The approach has been heavily criticised by labour and other civil society organisations as it would mean assigning private property rights to nature, commodifying and privatising nature. Leaving nature to the market would undermine the opportunities of communities and states to protect the commons. Also the bitter lessons from the carbon trading debacle seem to be entirely ignored when UNEP proposes tradeable biodiversity credits. The UNEP reports exposes a misguided belief in markets, which is astonishing after the financial crisis. It is as if that example of the chronic failure of deregulation and market-based approaches had never happened.
A detailed reading of the texts brings one to the unequivocal conclusion that these are not the diagnoses and responses so urgently required. Instead it is a sophisticated effort to demonstrate that it is possible to resolve the problems of the planet’s environmental crises without altering the existing power structures, nor the relations of domination and exploitation. Throughout the report it is argued that the same market mechanisms and scientific and technological patterns, the same logic of sustained growth, can save life on Earth.
Driving this approach is the EU. The EU environment Commissioner Potocnik summed up the thinking by many EU officials when he said:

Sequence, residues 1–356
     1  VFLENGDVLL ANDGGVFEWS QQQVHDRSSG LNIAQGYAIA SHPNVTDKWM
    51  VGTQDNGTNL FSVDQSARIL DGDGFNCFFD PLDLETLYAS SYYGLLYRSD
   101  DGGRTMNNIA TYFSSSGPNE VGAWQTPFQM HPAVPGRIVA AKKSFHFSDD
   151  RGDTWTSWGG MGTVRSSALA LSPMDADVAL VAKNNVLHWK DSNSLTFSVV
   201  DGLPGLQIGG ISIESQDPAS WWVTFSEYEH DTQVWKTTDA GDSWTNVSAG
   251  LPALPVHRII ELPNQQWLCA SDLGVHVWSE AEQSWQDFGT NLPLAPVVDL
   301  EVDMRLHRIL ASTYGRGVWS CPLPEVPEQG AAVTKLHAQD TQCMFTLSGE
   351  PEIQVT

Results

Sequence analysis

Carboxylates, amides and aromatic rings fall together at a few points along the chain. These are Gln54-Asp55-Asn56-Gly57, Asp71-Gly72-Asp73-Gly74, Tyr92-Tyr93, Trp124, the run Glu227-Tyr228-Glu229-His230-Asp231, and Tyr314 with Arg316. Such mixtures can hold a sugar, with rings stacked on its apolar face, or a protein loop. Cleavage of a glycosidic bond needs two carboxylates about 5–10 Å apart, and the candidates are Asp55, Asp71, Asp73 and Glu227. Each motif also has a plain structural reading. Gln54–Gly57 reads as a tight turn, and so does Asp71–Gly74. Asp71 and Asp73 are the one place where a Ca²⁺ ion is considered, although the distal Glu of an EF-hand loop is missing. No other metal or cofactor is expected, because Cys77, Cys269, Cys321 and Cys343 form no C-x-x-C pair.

“We need to move from protecting the environment from business to using business to protect the environment”.
The Green Economy Report, not surprisingly, also has the support of the World Bank and the World Trade Organisation (WTO).
The Green Economy Report does have some common sense elements, like phasing out environmentally damaging subsidies, but overall it is flawed. At the last session of the UN’s Commission for Sustainable Development (CSD) there was strong civil society resistance, but also considerable criticism from the predominantly developing G77 countries. They are worried the ‘Green Economy’ discourse will replace the previous 1992 approach that emphasised sustainable development and analysis of consumption and production patterns, concepts which include a focus on north-south inequality. Some of G77′s members critiques are based on regressive motives (for example by its OPEC members who are unhappy with promotion of renewables), but much of the critique is justified.
The real danger for labour is like the concept sustainable development, the green economy proposals are extremely seductive while providing a cover for continued neoliberal policies. Edgardo Lander makes this point strongly in a critical text “The Green Economy: the wolf in Sheep’s clothing”.
“The concept of sustainable development was extraordinarily effective both politically and ideologically. It responded in terms that seemed to take into account the criticisms of the development model, while in fact reinforcing it. It functioned like a tranquilliser in that it created the illusion that effective measures were being taken to respond to the diagnosed crisis. By not questioning the logic of capitalist accumulation and the model of industrial society as the fundamental causes of the destruction of the conditions that make life possible, it provided new legitimacy to neoliberal globalisation,  which began to present itself as sustainable, despite its overwhelmingly devastating  dynamic.”